A road on the Garden Route
Pixabay
  • The coronavirus has changed travel, and road trips are no exception.
  • It is not yet clear just how busy South Africa's roads will be during traditional peak travel time, but you don't want to take chances in public spaces.
  • And some establishments you're used to relying on may simply not have made it through the economic crisis.
  • Here's how to survive a festive season road trip in South Africa during the coronavirus pandemic.
  • For more stories go to www.BusinessInsider.co.za.

Airports are ghost towns, hotels stand empty, and travel agents have shut up shop.

But the coronavirus pandemic has not only affected airlines and cruise ship companies. The threat of transmission, and the economic devastation of lockdown, has changed even the traditional South African road trip over the festive season.

Just how many South Africans will take to the roads in December and January is not clear. There is less money to go around, so staycations and day trips are expected to be big, but long holidays (for schools as well as employees at companies eager for them to take accumulated leave while things are sluggish) and being long starved of company could act as a contrary force.

See also | It can be cheaper to drive – in a rented car– than fly out of Joburg this Christmas

But with real and present concerns about the current rate of transmission in South Africa, you don't want to take any chances in public spaces.

Here's how to survive a festive season road trip in South Africa during the pandemic.

Pack your own hand soap...

Despite an initial enthusiasm for hand hygiene, some of those responsible for the management of South African public toilets have fallen back into bad habits, recent anecdotal evidence suggests – and you may be met with empty soap dispensers.

If you like to wash off the residue of hand sanitiser every so often, throw a conveniently-sized bottle of hand soap into the car. And a reasonably large bottle of water, and you won't even need a bathroom for that necessity, at least.

...and padkos

Recommendations for travellers in various parts of the world, and in various forms of transport, now include packing your own food. Doing so reduces several areas of contact in one swoop, and also leaves you safe from the uncertainties that come with a pandemic.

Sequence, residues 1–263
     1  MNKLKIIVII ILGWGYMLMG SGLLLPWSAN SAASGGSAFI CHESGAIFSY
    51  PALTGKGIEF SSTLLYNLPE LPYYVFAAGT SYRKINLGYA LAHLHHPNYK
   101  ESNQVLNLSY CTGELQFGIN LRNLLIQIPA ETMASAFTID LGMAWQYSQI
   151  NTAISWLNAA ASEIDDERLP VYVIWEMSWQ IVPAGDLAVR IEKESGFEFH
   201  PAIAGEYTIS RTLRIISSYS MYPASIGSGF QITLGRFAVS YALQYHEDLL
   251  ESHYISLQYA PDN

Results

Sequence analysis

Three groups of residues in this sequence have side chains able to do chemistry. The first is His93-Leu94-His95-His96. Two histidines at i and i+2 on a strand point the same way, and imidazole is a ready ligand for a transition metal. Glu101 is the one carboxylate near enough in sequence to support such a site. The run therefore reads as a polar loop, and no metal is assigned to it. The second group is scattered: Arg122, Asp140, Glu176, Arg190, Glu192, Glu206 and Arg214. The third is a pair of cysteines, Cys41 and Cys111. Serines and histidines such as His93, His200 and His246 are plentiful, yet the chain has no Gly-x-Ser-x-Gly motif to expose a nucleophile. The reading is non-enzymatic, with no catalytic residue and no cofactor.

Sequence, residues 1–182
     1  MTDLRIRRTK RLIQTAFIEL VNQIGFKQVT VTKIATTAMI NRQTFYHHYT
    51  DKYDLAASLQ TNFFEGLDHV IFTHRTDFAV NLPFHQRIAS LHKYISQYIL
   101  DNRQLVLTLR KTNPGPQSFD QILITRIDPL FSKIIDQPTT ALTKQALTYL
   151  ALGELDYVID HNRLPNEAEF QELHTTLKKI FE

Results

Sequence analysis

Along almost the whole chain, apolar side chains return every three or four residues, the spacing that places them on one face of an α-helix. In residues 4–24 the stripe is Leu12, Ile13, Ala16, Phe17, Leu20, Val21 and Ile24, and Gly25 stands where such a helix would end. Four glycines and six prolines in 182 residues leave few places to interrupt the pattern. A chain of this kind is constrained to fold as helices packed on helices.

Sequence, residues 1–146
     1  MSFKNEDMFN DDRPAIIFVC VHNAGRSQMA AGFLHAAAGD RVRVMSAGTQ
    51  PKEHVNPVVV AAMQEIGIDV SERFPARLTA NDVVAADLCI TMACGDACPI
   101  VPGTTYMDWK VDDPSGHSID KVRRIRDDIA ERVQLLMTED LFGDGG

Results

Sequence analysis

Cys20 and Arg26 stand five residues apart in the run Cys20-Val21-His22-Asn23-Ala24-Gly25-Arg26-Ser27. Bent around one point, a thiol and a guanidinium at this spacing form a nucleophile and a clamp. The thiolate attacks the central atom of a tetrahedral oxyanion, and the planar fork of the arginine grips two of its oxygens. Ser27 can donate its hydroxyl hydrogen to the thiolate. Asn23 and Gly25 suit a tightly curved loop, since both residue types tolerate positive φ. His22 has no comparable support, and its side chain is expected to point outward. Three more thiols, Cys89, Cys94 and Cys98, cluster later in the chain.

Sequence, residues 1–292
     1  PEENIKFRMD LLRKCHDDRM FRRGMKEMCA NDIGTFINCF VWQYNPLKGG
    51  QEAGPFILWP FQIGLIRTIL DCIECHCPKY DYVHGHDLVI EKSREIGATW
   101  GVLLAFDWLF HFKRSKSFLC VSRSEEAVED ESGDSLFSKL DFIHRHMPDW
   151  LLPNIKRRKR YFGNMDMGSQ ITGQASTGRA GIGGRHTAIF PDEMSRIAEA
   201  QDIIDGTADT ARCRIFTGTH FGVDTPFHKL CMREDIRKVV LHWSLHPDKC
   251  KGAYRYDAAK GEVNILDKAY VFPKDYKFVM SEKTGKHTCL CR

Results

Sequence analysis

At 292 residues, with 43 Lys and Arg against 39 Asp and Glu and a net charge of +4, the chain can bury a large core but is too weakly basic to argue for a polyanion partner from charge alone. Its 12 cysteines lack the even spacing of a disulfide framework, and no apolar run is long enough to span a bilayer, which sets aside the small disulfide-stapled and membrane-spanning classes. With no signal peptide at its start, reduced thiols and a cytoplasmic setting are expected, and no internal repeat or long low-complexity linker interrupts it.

Phone ahead to see what's open (and if it still exists)

From food outlets to hotels, many businesses you relied on during previous trips may not have survived. Others are subject to sudden staff shortages, or closure at short notice due to cases of infection.

If you are going to rely on an establishment to serve you, and if there are not alternatives nearby, double-check it is operational close to your departure.

Consider getting off the highway – for drive-thru and bathrooms

If you can't, or don't want to, pack all the food for your trip, consider a detour into a major town rather than sticking to the highway rest stops – just plan ahead. If you know where to go, most routes will offer a town or two with a drive-thru option. In others you may be able to get a kerbside pickup.

And, if all else fails, fast food chains say their in-town locations tend to be quieter than those on the highways, which means less crowded bathrooms too.

Rather double up on drivers and skip overnight stops. Or camp

Accommodation establishments, large and small, have gone to great lengths to reassure potential customers that their cleaning regimes are a match for the coronavirus. But experts still recommend that you take personal responsibility for cleaning any space you use, because risks remain, and that is painful when you just want to sleep over.

Another option is to put enough drivers into the same car to safely drive without stopping for the night.

If your logistics or passengers just won't allow pushing through, there's a coronavirus-safe, and fun alternative: camping. (Just remember to be careful in shared bathrooms.)

Whatever you do, don't skip the safety breaks

Covid-19 has killed more people in South Africa than are likely to die on the roads this year, but driving in a car still puts you in mortal danger.

To mitigate the danger of fatigue, you should still stop every two hours, or 200km, for a rest break, the AA recommends. You can do so anywhere safe, not only at a crowded petrol station.

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